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Wednesday, June 19, 2024
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Intercultural and Diversity Center’s ‘Tough Topics’ program facilitates meaningful conversations on race

Students discuss Black history, Critical Race Theory and book bans during the hour-long event

“Tough Topics: The Pushback of Black History Month,” brought difficult conversations around race to the forefront for UB students.
“Tough Topics: The Pushback of Black History Month,” brought difficult conversations around race to the forefront for UB students.

The event, “Tough Topics: The Pushback of Black History Month,” started out with a quiz entitled “Black Facts.” Students were given a list of products and brands, and were asked to select which ones they thought a Black person contributed to the creation of. Options included the home security system, the telegraph system, caller ID, Hulu, web animation and the three-light traffic system. As they filled out the quiz, music from a “Black History Month 2023” playlist rhythmically filled the room.

Students waited to see their scores. The result: Every one of the products and brands on the list had a Black creator.

The quiz kicked off the first event in the Tough Topics Program last Tuesday in Student Union 240. It’s part of a series hosted by UB’s Intercultural and Diversity Center (IDC) throughout February in light of Black History Month (BHM). The center’s mission is to celebrate, educate and advocate for students. The program, run by student leaders, encourages students to have tough conversations about current topics surrounding various communities.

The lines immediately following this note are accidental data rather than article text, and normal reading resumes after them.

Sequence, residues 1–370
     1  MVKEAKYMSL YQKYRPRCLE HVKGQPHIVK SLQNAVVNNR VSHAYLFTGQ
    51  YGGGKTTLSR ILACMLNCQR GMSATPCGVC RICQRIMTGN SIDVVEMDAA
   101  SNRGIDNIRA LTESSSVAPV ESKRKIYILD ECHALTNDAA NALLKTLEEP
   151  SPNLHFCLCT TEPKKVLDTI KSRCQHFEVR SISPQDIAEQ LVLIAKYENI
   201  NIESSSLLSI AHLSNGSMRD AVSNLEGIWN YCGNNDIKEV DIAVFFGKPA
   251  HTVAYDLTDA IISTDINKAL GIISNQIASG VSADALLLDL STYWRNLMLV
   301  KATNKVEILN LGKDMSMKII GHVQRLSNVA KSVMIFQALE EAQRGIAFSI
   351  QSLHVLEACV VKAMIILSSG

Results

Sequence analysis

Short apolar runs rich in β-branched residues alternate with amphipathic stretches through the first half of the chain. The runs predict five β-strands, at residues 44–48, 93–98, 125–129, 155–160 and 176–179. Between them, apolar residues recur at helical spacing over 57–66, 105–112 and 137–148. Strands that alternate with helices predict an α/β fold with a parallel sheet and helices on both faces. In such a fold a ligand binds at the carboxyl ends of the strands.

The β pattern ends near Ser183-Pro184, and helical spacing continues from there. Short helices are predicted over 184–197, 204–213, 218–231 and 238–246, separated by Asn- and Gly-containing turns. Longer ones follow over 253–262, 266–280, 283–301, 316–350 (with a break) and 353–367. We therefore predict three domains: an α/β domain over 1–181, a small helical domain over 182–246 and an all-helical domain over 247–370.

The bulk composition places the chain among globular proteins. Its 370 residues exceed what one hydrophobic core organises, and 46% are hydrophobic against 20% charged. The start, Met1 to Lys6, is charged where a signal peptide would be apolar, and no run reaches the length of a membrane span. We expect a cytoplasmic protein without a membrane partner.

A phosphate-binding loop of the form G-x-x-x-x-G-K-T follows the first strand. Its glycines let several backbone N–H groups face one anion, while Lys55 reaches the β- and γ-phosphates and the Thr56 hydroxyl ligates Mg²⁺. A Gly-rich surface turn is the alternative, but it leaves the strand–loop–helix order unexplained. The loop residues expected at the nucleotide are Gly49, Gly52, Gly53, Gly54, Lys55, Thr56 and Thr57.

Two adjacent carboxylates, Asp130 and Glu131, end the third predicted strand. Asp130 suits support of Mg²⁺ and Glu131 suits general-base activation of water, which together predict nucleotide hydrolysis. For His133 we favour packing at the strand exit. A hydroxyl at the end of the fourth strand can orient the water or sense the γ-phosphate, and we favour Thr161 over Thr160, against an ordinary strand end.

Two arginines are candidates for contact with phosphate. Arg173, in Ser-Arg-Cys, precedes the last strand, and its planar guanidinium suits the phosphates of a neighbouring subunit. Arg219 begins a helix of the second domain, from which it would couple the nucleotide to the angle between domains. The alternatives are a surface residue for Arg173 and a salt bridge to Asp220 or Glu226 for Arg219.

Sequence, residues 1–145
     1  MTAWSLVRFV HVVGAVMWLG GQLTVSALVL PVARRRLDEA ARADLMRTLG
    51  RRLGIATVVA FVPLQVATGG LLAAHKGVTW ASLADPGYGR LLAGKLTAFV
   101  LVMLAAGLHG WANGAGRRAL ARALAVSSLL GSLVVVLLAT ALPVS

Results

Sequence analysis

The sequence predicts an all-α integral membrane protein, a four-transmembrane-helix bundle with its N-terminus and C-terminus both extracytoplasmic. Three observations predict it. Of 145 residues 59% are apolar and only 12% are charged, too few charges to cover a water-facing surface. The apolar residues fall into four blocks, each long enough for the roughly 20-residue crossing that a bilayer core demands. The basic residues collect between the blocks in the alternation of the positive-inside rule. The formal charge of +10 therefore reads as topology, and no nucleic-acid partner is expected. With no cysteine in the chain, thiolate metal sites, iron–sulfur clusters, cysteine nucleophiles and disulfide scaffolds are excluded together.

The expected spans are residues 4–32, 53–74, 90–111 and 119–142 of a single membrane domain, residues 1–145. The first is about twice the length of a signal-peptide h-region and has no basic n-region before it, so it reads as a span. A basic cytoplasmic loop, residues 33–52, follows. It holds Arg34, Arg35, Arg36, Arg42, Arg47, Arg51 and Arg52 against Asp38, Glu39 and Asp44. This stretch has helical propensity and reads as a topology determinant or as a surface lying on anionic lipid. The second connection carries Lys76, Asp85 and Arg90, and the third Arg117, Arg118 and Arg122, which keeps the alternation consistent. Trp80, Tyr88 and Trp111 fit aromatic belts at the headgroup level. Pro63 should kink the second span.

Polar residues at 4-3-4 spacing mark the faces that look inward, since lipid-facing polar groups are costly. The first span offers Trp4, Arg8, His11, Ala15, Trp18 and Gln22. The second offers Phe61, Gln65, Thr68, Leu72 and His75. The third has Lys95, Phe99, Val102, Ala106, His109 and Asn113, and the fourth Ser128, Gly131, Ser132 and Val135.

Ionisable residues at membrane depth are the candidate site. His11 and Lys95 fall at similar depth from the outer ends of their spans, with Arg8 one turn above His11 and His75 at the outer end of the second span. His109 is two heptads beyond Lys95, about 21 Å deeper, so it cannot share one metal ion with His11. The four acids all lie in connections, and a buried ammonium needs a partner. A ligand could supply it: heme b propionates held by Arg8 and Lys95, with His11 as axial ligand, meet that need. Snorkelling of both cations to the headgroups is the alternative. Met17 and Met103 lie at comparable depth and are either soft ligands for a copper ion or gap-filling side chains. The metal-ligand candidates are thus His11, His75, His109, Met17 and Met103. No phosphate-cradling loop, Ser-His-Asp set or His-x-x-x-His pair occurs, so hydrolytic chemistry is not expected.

“I hope it [the event] brings perspectives,” Zamira Caldwell, a senior biological sciences major and Diversity Advocate for the IDC, said. “I feel like at UB it can be difficult to find your space, so when people feel comfortable coming back to this space after we did a Tough Topics, I feel like that’s a job well done.”

The first event focused on the origins and importance of BHM, the importance of different identities in the Black community, recent controversy around Critical Race Theory (CRT) and the banning of AP African American Studies in Florida. 

Students sat at an open-ended conference table in front of a large projector screen, exchanging friendly smiles and waiting to dive into discussions.

A pre-discussion slideshow covered the definition of CRT (“an academic and legal framework… which conveys systemic racism is a part of American society”) and was followed by a video about the creation of Black History Month by Carter G. Woodson in 1926 as “Negro History Week.” The Association for the Study of African American Life and History, the organization Woodson founded, expanded the week to a month in 1976. It was recognized by President Gerald Ford that year and by Congress in 1986. 

The video concluded in the present day; there are no federal requirements to teach BHM in schools and, on average, less than 9% of history class is spent on Black history. In some states, the subject is nonexistent.

“Does the education system do Black History justice?” appeared on the screen. Students sparked up passionate and open conversations about their own experiences in their former school years, expressing frustration with the lack of time spent on Black history compared to other subjects in the curriculum.